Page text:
This is technically a political theory book, but don’t let that scare you away — it’s written in an easy-to-read, accessible way that anyone could understand. The author writes an interpretation of political theory’s famous Social Contract theories (coming from the likes of Locke, Hobbes, and Rousseau), looking at it in parallel with what he dubs the “Racial Contract” that underwrites it. He examines global racial issues of slavery, colonization, and imperialism, in ways that are convincing, compelling, and enlightening. I came away from it with a new perspective on the racial underwritings of American and global societies. If you’re wanting to continue a racial justice education and exploration, I highly recommend this piece. It’s short, brilliant, and eye-opening.

6. A Court of Wings and Ruin by Sarah J. Maas

A Court of Wings and Ruin by Sarah J. Maas, the third book in the ACOTAR series, takes the #6 spot. I binged this series at the beginning of the year, rereading ACOTAR in the very end of December 2020 and then the next two in 2021. I adored this series, and this book — a sort of final book in the series, though she did choose to continue it — was a great finale. Though it dragged in the middle a bit for me, and wasn’t my favorite of the three (as you’ll see), by the end I couldn’t put it down. As usual, Maas excelled at world-building and character development, continuing a story set in a captivating world and containing compelling, endearing characters. I really like the way it wrapped up, and don’t think I’m interested in reading the rest of the books centered around different characters, so I think this is where I’ll be concluding my journey with ACOTAR (though you’re welcome to try to convince me otherwise in the comments). If you haven’t already read this series I highly recommend it — like the rest of the Internet.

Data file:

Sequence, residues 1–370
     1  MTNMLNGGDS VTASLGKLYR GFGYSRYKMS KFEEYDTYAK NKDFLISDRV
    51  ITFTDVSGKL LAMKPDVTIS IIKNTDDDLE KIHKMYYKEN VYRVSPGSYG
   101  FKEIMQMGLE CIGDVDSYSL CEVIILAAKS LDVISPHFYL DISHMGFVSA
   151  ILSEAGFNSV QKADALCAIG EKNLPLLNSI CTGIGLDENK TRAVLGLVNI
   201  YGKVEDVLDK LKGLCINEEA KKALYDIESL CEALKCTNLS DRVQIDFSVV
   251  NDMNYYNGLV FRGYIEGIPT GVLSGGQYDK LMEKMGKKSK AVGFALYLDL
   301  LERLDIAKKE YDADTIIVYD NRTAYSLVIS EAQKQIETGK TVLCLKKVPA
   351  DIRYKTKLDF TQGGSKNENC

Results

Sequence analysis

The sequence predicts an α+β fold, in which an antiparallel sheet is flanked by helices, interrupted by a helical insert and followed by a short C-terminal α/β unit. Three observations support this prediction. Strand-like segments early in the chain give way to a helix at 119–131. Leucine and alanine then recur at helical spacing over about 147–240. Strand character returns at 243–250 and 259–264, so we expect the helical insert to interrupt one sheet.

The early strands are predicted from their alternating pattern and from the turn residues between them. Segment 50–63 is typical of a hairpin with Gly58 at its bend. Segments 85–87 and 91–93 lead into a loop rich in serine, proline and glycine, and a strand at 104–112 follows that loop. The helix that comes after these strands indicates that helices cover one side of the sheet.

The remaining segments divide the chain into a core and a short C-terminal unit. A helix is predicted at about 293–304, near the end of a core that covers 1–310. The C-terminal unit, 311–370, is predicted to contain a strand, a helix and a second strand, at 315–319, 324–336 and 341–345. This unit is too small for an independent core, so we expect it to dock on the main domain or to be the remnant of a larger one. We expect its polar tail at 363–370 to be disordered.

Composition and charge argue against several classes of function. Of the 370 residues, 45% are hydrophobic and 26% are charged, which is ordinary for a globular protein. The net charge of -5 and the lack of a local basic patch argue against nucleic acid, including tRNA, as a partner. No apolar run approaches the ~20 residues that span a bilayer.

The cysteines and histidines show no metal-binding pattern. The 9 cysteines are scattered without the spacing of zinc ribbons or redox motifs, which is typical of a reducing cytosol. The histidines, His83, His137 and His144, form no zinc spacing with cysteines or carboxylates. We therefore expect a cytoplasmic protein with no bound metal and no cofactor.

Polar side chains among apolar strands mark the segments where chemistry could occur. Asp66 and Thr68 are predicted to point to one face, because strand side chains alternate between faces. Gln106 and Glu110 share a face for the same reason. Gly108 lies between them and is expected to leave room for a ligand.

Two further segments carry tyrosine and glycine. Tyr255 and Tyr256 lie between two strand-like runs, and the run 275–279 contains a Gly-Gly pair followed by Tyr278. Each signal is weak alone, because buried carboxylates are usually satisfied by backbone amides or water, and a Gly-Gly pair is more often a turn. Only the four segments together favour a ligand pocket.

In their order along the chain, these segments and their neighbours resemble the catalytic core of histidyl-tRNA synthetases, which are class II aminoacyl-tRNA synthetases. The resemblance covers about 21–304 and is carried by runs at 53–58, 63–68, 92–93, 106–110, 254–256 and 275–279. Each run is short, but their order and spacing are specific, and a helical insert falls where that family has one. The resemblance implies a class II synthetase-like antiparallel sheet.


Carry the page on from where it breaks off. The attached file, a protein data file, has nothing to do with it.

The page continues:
5. The Fire Next Time by James Baldwin

This powerful nonfiction book by literary icon James Baldwin comes in strongly at #5 of my favorite books of 2021. In this brief work first published in 1963 Baldwin presents the reader with two letters: one to his nephew, and one to America. Both are absolutely stunning pieces about the harsh realities of being Black in America, diving into compelling examinations of Black identity, religion, and white supremacism. I implore anyone and everyone to please read this book, as it’s at least as relevant today as it was nearly fifty years ago.

4. The Song of Achilles

Coming in at #4 is The Song of Achilles by Madeline Miller. This beautiful piece of fiction is a retelling of the Trojan War and the story of Achilles and Patroclus, weaving a lyrical tale of two boys as they come of age, fall in love, and face unbearable realities of life and war. Miller has a melodic way of writing that, though very occasionally overly-flowery, created a captivating atmosphere that immerses you in the Ancient Greek tragic romance. I was honestly surprised I was so compelled by a story about the Trojan War, but by the end I couldn’t get through the last 50 pages without tears streaming down my face the entire way. If you’re up for an equally beautiful and heartbreaking piece of fiction, check this one out. I cannot wait to give her other book, Circe, a try, though I admit I’m not sure how it could live up to this masterpiece.

3. A Thousand Splendid Suns by Khaled Hosseini